by James McBride
Can a man write a woman’s story? Well, of course he can. One only has to read Ian McEwan or Wally Lamb to know that. Their female characters are fully formed recognisable women. Alas, not everyone is Ian McEwan or Wally Lamb.
The front cover of Song yet sung suggested a female lead written with depth and emotional heft. In hindsight, the front cover suggested nothing other than what I read into it – the sideways, shrouded figure of a long necked elegant woman. The blurb on the back had me feeling suspicious about the book’s quality. There were references to heart-stopping chases and goodies and baddies painted in uncomplicated, figurative and literal, black and white.
Song yet sung had been sitting on my book shelf for a long time and I thought it was time I gave it a try. Given the story, it should have been an enthralling, emotional, tense read. A young woman, a run-away slave on the Maryland coast in 1850, is haunted by dreams of a future for African Americans that she cannot understand. Her fellow slaves are frightened of her, believing her a witch, and she is pursued by two competing slave catchers. Her fantastical dreams are instantly recognisable to the reader as scenes from African American life in the 20th Century and she dreams of another dreamer who we soon realise is Martin Luther King Jr.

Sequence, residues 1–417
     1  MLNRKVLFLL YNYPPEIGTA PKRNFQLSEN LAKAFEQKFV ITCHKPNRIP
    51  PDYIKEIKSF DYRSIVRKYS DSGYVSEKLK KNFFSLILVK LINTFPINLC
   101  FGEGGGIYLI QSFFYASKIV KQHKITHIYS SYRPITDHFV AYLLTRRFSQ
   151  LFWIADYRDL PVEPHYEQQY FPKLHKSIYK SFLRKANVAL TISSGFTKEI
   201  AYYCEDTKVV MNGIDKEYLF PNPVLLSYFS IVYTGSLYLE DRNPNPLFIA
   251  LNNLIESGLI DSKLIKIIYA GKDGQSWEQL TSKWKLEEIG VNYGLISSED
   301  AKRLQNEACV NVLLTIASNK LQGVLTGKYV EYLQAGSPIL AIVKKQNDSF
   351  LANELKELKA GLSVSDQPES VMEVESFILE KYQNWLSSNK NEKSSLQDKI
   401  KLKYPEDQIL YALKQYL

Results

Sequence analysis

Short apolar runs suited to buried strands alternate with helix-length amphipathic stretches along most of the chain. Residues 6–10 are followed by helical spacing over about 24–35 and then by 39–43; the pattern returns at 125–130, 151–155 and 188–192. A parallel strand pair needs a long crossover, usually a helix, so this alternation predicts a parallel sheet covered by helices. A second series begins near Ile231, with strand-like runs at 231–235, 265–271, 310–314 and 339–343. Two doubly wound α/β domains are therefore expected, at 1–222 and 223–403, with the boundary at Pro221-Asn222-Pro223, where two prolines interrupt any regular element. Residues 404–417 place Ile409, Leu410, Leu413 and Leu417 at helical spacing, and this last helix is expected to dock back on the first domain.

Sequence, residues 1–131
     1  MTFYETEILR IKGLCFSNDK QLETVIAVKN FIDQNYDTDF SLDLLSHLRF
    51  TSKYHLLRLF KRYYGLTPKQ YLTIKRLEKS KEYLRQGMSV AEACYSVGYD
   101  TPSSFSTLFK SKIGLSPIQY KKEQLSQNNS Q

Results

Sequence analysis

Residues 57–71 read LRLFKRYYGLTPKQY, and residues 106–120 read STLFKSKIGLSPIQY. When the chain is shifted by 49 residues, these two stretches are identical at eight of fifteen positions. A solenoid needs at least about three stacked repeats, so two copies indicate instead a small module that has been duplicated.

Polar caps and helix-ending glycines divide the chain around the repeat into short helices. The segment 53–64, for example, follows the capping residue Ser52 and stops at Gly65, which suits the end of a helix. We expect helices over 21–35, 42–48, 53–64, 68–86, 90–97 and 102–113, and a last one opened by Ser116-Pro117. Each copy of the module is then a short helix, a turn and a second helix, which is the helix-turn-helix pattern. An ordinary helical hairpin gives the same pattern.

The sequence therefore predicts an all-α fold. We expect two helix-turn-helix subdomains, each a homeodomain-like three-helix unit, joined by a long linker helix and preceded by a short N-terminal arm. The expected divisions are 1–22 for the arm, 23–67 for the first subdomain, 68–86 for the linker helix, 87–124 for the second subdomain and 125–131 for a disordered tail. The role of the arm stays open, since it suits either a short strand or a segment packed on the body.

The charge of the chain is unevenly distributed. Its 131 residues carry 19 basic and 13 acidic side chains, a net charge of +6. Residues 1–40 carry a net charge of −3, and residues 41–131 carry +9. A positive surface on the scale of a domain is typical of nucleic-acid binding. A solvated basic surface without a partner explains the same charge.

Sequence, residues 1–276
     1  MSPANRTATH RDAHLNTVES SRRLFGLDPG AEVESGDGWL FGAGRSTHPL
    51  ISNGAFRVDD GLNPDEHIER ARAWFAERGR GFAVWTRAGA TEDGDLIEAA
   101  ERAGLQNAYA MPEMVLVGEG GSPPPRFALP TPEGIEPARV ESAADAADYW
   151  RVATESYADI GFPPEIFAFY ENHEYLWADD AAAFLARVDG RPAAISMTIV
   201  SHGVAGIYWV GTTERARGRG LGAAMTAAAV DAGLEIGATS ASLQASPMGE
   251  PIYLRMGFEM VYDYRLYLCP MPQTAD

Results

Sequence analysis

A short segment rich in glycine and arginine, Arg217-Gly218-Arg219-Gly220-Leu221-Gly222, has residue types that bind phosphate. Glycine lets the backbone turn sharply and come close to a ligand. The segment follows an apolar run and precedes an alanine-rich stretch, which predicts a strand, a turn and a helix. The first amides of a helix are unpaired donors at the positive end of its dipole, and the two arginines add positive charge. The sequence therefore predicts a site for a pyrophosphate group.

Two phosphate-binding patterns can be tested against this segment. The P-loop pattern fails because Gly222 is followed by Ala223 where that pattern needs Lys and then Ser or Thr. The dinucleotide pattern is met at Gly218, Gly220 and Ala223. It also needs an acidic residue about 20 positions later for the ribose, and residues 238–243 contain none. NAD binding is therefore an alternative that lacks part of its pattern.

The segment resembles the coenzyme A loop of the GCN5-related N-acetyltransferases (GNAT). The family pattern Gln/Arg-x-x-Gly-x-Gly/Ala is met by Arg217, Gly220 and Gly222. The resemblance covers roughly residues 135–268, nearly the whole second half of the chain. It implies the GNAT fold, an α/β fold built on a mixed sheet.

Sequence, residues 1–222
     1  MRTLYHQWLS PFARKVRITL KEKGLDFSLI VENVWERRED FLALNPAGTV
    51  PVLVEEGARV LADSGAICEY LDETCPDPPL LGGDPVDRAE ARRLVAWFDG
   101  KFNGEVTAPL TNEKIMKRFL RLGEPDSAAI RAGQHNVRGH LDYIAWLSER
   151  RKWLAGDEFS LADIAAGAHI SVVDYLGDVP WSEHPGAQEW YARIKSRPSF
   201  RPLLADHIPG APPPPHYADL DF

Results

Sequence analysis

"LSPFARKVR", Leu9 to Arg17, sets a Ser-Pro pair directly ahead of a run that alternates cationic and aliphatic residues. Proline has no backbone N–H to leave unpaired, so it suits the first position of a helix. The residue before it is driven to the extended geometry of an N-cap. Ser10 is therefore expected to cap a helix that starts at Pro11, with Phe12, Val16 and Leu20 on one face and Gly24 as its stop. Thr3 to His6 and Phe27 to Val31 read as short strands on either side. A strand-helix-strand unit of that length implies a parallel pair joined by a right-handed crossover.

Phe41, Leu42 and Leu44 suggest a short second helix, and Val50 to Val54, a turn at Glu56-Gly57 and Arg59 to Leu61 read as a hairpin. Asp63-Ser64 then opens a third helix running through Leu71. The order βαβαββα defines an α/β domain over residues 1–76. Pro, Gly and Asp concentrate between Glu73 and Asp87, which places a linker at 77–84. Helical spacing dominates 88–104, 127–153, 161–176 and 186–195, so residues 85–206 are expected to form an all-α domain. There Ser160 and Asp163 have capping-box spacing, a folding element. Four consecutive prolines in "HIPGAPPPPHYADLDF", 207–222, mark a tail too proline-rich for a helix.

But this is no Beloved. Despite the tense chase scenes, close shaves, near misses, and a race against time to find a missing boy, I found myself drifting off, easily distracted or feeling sleepy after reading even only a few pages. I was less engaged in the story than I ought to have been and wasn’t sure I cared whether the woman was caught or secured her freedom. Slowly, the reason for my lack of interest dawned on me. The protagonist was two-dimensional. I learned her history, the content of her dreams and how other people saw her, but I never saw her as a complete human being. I wanted to see the world through her eyes, I wanted to know her fear, to be inside her head as she tried to make sense of her dreams, to feel her cold and quaking dread as she sat in the hollow of a damp tree, not knowing if the sounds outside were of friend or foe. Lawrence Hill, in The Book of Negroes, evocatively and beautifully inhabits the minds and souls of his female characters. Alas, James McBride does not.
What is evocatively brought to life in this novel is the Maryland shore itself. It is richly written, the tidal waters, false bays and muddy banks so real that I felt cold and soggy-footed as I read and was surprised to look up to find myself in southern Spain.
It wasn’t a bad novel, it just wasn’t a great one.